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Collections of Ship Models: Help!

Sam Willis

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Not sure if I can find something matching the Royal George in terms of artisanship, but the late 18th century Swedish navy is well represented by contemporary models, including a series of rather impressive 1/16 models - for these your macro lenses are probably overkill. 😃


Most of it is digitalized, see e.g. here (at the bottom of the page there are links to other sets of models):








Archipelago frigates:





Edited by Matle
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1. There's a contemporary model of the Royal George at the University of Hannover. It was a gift by the Prince of Wales to the University of Göttingen in 1744. However, it is the only model on display there. 


Modell der "Royal George" von 1715 · Universitätssammlungen in Deutschland (universitaetssammlungen.de)


2. There are many nice models at the "Deutsches Museum" in Munich. I personally would recommend the model of the p-liner Preussen.  It was made by the shipyard that built the original ship, as far as I know. 


File:Deutsches Museum - Fünfmast-Vollschiff Preußen (Modell).JPG – Wikimedia Commons


Angebot - Deutsches Museum (deutsches-museum.de)


Fünfmast-Vollschiff / Five-mast full-rigged ship »Preußen«… | Flickr



3. The same can be said of the International Maritime Museum in Hamburg. An interesting model on display is the Elizabethan warship "Bull", because these flat built galleass like ships were very rarely (if ever) built as models. The builder was Wolfram zu Mondfeld and he tried to reconstruct a model based on Matthew Baker's drawings from "Fragments of ancient English shipwrightry". 


Ship model English galleon BULL of 1546 (modelships.de)



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FDR Model’s-  FDR was an enthusiastic sailor, and ship model collector throughout his life.  His maritime life is covered in the book, Sailor in the White House by Robert Cross.


In 2004 my wife and I made a trip up the Hudson Valley, stopping at FDR’s Presidential Library at Hyde Park.  In the entrance library there is a huge model of a Ship-Of-The-Line.  According to the museum, the Queen of Holland told FDR that if he won WWII she would send him the best model that she could find.  Of course FDR died before the war ended so who knows?  While visiting the library, I asked a docent about the rest of his models and learned that his collection numbered about 200 models and that they were presently being restored.  I later learned that the restorer is a member of our forum. His pseudonym is Shipmodel.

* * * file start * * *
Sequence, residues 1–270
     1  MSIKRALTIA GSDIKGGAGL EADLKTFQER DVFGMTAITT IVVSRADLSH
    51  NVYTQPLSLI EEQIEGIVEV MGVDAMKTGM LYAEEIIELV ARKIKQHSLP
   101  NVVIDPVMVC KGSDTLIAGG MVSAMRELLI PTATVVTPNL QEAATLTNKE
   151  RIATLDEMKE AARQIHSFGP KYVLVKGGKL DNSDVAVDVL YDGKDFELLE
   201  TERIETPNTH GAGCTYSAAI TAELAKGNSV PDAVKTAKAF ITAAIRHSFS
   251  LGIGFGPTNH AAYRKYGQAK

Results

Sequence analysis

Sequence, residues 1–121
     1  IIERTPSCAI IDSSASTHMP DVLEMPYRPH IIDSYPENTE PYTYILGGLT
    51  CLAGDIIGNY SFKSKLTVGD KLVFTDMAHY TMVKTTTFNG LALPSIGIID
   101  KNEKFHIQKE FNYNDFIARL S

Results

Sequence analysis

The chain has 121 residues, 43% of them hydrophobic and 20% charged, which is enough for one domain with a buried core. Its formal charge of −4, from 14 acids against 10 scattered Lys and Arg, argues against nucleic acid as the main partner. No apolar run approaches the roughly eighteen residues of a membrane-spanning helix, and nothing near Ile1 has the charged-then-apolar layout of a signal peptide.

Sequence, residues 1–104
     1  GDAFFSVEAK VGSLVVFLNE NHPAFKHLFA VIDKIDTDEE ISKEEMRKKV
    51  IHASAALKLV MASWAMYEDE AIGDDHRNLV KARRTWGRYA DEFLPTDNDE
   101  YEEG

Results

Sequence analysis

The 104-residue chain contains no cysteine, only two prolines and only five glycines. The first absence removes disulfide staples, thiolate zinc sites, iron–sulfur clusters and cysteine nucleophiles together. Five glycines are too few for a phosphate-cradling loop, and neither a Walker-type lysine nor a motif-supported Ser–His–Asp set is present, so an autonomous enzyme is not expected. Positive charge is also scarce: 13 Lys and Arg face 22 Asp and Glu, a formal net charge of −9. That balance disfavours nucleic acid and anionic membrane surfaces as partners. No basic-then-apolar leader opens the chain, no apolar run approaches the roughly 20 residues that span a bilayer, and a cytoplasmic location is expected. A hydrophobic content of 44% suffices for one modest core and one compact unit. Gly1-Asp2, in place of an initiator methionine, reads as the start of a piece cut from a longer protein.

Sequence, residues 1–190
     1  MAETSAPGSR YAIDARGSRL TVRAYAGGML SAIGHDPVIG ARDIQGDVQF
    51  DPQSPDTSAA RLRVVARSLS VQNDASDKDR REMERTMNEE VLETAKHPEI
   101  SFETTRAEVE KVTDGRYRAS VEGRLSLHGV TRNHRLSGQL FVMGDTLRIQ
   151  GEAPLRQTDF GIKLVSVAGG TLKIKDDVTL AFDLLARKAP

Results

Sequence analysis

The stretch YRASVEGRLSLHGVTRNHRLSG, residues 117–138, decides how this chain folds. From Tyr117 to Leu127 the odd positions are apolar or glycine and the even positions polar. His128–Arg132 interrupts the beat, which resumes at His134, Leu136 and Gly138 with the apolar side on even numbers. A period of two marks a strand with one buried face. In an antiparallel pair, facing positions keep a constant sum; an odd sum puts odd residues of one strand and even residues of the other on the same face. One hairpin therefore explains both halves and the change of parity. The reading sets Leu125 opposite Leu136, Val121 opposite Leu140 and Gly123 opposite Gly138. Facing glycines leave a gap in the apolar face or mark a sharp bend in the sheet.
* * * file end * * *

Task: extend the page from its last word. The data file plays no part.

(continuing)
I revisited the library in 2019 to see his restored model collection.  It is housed in utilitarian looking cabinets in the basement.  Some models are quite hard to see.  The models vary in quality.  Many are rather simple WWII era warship models.  Rigged sailing ship models are typical of those built in the 1930’s. Some models are considered significant because of their historic provenance instead of their accuracy or quality.  I do not believe that his entire collection is on display.


Several models that I particularly liked, are scattered throughout other library displays;  a very nice small scale model of a WWII Escort CarrIer and two models of early Higgins Landing Craft, one a LCPL.




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Hello Sam - you have a great fanbase on this forum (as you may have discerned...!).  


I love your work - In The Hour of VICTORY is one of my very favorites.  You had me hooked after I consumed the Fighting Temeraire...


Please add the Peabody Essex museum in Salem Massachussets to your list.  Some terrific stuff there including some Donald McNarry efforts.  Of particular note is the famous "Hull" model of the USF Constitution built and presented by the crew to her victorious captain after the Guerriere fight. Captain Hull donated the model to the Essex museum collection sometime after the War of 1812 and it may be the most important extant artifact concerning the wartime configuration of Old Ironsides.



Evan Gale


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